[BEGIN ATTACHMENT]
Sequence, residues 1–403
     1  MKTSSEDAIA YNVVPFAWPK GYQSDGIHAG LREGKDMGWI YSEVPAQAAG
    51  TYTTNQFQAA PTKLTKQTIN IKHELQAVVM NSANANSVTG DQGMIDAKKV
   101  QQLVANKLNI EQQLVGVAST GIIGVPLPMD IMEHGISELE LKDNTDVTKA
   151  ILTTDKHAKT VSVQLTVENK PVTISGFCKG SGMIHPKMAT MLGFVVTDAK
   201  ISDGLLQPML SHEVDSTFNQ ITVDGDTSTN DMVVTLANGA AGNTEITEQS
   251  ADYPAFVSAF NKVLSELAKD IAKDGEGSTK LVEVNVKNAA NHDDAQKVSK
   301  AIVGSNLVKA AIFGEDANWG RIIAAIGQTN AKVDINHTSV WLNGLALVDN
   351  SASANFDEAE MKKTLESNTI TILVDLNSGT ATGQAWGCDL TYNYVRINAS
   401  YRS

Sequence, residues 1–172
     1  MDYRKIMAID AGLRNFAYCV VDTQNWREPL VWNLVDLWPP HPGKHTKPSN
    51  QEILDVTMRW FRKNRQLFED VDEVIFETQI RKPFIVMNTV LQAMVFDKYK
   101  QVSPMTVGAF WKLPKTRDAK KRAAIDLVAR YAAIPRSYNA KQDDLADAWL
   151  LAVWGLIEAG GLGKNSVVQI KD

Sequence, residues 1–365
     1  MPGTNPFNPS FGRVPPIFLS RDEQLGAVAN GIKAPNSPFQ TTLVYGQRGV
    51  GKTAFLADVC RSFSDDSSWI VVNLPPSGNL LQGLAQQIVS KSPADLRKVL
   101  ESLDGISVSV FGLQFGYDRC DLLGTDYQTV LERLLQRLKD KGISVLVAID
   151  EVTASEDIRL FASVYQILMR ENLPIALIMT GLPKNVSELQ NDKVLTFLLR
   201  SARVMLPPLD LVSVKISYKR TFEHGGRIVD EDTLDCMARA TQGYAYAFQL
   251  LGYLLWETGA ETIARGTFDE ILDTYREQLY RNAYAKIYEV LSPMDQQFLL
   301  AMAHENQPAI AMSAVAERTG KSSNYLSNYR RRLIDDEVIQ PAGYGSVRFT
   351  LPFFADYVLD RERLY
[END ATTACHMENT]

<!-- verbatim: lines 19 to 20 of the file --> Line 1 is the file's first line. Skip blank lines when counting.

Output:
   101  ESLDGISVSV FGLQFGYDRC DLLGTDYQTV LERLLQRLKD KGISVLVAID
   151  EVTASEDIRL FASVYQILMR ENLPIALIMT GLPKNVSELQ NDKVLTFLLR